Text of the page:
Two LePage Cabinet Members Resign Amid Controversy
Two members of Governor Paul LePage’s cabinet, Economic and Community Development Commissioner Philip Congdon and DEP Commissioner Darryl Brown, resigned Wednesday after each was involved in separate controversies.
Congdon, LePage’s commissioner for the Department of Economic and Community Development, is alleged to have made a racist comment at a meeting in Aroostook County. Though the topic is being discussed in the halls of the statehouse Wednesday, full details have yet to emerge.
Congdon’s nomination was controversial right from the beginning, with opponents faulting him for a thin resume on economic development and a perceived lack of interest in the portfolio. He admitted when asked about economic development in northern Maine during his Senate hearing that he hadn’t yet thought about the subject. Nine Democratic senators eventually voted against his nomination. Congdon’s professional background is in engineering and research and development.
Congdon was a member of the tea party group the Constitutionalists of Maine, which is how he first met the future Governor Paul LePage.
Department of Environmental Protection head Darryl Brown also resigned Wednesday and will move on to a new position as Director of the State Planning office. He had faced a federal probe into whether his appointment as commissioner was illegal under federal and state law due to a conflict of interest based on his work as a developer. The investigation was begun after a complaint to the EPA from the Androscoggin River Alliance.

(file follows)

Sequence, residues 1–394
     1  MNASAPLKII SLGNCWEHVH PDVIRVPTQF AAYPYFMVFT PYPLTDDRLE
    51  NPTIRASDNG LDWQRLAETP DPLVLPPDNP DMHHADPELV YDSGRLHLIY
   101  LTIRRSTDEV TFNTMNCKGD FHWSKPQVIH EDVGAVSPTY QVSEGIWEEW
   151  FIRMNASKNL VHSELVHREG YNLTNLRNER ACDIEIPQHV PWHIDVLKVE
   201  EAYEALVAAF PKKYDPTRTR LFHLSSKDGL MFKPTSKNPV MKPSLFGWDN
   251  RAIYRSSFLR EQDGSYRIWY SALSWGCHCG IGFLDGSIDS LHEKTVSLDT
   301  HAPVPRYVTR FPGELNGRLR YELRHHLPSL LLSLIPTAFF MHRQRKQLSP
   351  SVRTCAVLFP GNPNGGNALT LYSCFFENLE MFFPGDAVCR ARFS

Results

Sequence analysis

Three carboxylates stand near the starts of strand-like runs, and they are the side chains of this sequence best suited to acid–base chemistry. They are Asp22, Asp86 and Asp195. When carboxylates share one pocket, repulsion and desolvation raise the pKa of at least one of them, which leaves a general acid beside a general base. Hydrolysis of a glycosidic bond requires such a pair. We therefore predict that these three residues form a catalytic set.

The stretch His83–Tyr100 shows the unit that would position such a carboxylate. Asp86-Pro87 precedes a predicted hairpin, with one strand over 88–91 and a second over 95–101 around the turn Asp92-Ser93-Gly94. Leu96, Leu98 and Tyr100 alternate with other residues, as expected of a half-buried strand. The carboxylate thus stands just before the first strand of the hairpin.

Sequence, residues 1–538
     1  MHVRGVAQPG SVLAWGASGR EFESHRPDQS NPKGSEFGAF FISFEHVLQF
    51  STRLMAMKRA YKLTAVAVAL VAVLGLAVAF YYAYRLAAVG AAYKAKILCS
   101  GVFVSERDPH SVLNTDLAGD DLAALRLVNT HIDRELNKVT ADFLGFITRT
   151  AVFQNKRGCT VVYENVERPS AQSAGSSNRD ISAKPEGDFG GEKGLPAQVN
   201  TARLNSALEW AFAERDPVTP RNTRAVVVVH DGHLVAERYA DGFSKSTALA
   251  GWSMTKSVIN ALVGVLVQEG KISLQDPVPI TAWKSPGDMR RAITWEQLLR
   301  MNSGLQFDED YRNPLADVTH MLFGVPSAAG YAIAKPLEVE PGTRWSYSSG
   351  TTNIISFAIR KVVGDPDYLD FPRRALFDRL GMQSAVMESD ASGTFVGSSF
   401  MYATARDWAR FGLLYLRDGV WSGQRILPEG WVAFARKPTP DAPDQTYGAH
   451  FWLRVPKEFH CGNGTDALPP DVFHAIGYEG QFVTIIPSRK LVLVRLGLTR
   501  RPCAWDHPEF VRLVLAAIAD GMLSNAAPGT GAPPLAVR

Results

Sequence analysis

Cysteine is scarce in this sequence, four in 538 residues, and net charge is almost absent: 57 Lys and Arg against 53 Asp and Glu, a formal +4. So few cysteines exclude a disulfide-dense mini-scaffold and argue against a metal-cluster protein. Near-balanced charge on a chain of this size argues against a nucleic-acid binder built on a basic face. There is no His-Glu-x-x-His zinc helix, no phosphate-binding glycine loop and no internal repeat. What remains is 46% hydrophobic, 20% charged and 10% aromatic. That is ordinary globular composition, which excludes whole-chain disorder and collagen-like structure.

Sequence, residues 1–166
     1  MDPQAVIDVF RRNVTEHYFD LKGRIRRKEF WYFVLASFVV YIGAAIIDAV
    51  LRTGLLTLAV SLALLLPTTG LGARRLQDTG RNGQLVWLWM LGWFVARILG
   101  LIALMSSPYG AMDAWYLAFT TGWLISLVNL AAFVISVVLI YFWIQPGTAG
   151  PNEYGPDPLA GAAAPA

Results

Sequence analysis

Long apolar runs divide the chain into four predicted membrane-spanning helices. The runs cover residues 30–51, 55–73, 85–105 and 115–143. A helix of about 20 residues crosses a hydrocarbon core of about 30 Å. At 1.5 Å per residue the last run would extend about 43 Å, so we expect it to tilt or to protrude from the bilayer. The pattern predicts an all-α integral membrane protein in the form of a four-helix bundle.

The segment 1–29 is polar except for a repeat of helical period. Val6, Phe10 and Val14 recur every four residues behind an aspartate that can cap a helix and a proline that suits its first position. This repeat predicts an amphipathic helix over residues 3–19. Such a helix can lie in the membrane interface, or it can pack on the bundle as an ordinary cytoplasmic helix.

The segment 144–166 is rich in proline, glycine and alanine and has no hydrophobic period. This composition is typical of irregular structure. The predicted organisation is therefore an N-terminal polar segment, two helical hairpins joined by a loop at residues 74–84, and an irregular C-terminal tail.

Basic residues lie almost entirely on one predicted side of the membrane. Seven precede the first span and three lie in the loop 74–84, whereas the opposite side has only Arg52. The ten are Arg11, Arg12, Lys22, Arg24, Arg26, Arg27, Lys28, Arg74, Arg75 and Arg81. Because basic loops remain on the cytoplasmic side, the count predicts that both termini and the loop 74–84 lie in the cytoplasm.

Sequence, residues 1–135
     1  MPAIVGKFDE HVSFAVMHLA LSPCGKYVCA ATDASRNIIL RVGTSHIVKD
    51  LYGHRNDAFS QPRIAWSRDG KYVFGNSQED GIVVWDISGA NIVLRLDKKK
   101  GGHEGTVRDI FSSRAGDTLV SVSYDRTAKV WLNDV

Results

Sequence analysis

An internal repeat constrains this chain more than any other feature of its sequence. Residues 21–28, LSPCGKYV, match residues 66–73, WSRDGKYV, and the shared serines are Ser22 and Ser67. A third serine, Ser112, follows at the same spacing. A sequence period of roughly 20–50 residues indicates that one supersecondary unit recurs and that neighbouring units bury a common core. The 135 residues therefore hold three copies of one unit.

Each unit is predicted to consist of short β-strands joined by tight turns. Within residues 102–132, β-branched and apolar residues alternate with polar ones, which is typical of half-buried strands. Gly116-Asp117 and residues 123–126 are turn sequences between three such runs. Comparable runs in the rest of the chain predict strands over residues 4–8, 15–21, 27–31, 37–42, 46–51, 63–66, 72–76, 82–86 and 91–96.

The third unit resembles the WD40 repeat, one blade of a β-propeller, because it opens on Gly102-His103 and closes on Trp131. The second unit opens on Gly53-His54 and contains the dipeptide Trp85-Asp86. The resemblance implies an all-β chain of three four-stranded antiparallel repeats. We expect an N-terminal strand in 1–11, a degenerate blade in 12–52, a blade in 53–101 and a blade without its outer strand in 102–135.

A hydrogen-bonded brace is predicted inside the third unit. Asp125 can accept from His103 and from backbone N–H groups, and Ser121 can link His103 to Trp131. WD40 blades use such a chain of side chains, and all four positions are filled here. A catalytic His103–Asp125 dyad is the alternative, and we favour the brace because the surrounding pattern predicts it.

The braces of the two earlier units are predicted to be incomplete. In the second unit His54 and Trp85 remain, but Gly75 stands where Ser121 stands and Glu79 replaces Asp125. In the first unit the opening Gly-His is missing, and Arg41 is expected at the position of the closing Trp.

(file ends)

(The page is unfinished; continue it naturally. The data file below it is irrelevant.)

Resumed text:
Brown’s service as commissioner would have been a violation of state statute if at least ten percent of his income came from clients who received or applied for permits under the Clean Water Act in the two years before his appointment. It appears that his involvement with Main-Land Development reached that threshold.
Brown’s lawyer had written to Maine Attorney General William Schneider inquiring about submitting documents on Brown’s business dealings for review, expressing hesitancy to do so if they would then become part of the public record. Schneider responded that the documents would have to be made public, and unless they were submitted and contravened the apparent facts, Brown would have to be found in violation of the law.
“In the absence of new information, it appears you are unqualified to serve as Commissioner of the Department of Environmental Protection under Maine law,” stated Schneider in a letter to Brown.
The resignations are the latest blow to an administration already rocked by a series of controversial statements and actions by Governor LePage. The executive branch has recently seen its political power waning in the statehouse as Republican legislators have faulted LePage for his actions and attitude and legislative leaders have attempted to take more control of their party’s public and legislative agenda.